When Steve Jobs died in 2011, pundits wondered how the company would continue to make great products without him.
The question is partly answered by programmer Ken Kocienda’s new book, Creative Selection, which describes his 15 years working at Apple helping to develop the original iPhone, iPad and Safari web browser.
Kocienda’s book is a remarkable insider’s story that shows how Apple creates the software that it’s rightly famous for.
Creative Selection book review
Apple’s technique for making software is essentially a process of trial-and-error — and constant feedback.
At its heart is giving demonstrations — or “demos” — of whatever the programmers are working on to each other and their managers.
It works like this. When a programmer gets an idea, he or she whips it up into a quick demo. The demo doesn’t have to be polished or complete. Indeed, it’s usually down and dirty. The important thing is to make the idea concrete.
Then they demo it, usually to a co-worker. This first demo garners feedback, good and bad, that is then incorporated into the work and leads to another, better demo. That demo is then criticized and so it goes on. The work goes through a series of demos all the way up the company hierarchy, from co-workers to managers and finally all the way up to the very top. In the past, this meant a demo for Jobs himself.
The process is Darwinian — the best ideas are “selected” and survive to the next demo. And it’s creative. Hence the book’s name: Creative Selection.
It’s all quite simple really. There’s no magic, no arcane tech voodoo. Jobs built a fearsome reputation as a technology seer; someone who could magically see the future. But Kocienda convincingly shows that it was this process of building and refining demos that led to breakthroughs like the iPhone.
Ken Kocienda: From Safari to iPad
Kocienda’s book begins with — what else? — a demo to Jobs. It then details the development process of Apple’s first web browser, Safari.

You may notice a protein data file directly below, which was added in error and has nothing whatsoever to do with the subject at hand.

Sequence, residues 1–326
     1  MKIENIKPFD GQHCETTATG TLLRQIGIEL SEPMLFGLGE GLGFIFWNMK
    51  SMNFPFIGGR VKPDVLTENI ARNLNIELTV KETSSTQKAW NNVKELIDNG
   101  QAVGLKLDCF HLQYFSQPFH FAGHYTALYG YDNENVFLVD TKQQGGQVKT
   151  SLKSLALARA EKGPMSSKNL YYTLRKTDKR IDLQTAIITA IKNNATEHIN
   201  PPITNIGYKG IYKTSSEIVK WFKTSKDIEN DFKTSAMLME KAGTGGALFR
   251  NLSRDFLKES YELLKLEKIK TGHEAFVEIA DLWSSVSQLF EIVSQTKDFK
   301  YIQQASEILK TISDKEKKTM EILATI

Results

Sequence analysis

But he devotes the bulk of his book to the creation of a keyboard for the original iPhone.
The iPhone’s keyboard sounds like no big deal, but as Kocienda explains, it was the primary mode of interaction with the device. Getting it right was central to the iPhone’s success. If the keyboard had been a bust, it might have sunk the iPhone, as bad handwriting recognition sank the Newton before it.
It was a lot of work; more than a year’s worth of effort. Multi-touch screens were entirely new at the time, and the screen for the original iPhone was pretty small. The team’s early efforts to put a QWERTY keyboard on the fledgling device were a disaster. No one had done this before. So the team went back to square one and tried everything. This eventually led back to a QWERTY keyboard, but one that is surprisingly complex below the surface.
Kocienda nicely lays it all out in a logical story that shows there’s no “magic” behind Apple’s product-development process, just a long march of trying out ideas and making them concrete in actual demos of workable software. It’s a process of constantly iterating, refining and making Apple software better.
Demoing for Steve Jobs
There are lots of fascinating details — including what it was like to demo personally to Steve Jobs (nerve-wracking) — and the weird eye and head movements Jobs made when scrutinizing new software.
The book can be a bit laborious, and some readers may find it slow going. But personally, I found the detailed, step-by-step story provided real insight into how Apple does things. It reminded me of To Pixar and Beyond, another insider’s account from former Pixar Chief Financial Officer Lawrence Levy. That book told the story of building Pixar with Jobs and taking the company public. (See my review of the book and an interesting podcast interview with Levy.)
The lesson from both these books is that there’s no crazy magic at Apple: ideas bubble up from everywhere. They are an antidote to the Great Man Theory of Apple — that Jobs was largely responsible for dreaming up the iPhone, the iPad and everything else. He had a hand, of course, but more as an editor and a creative force pushing the team forward. Most of ideas came from the team, the rank and file.
Jony Ive’s prototypes
I was also reminded of the prototyping process used by Apple’s Industrial Design team, headed up by Jony Ive. As my own book about Ive detailed, the ID team starts with sketches, which are turned into 3D models. The 3D models galvanize the creative process and make ideas concrete. Like the programmers, Apple’s industrial designers team constantly refine the prototypes — another process of creative selection.
Kocienda’s Creative Selection is the rare book that provides a true insider’s account of Apple and tells you what it’s like to work in the trenches and how Apple really does things.
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Note: This week we will be publishing a podcast interview with Kocienda, and a blog post of all the things we learn from his book.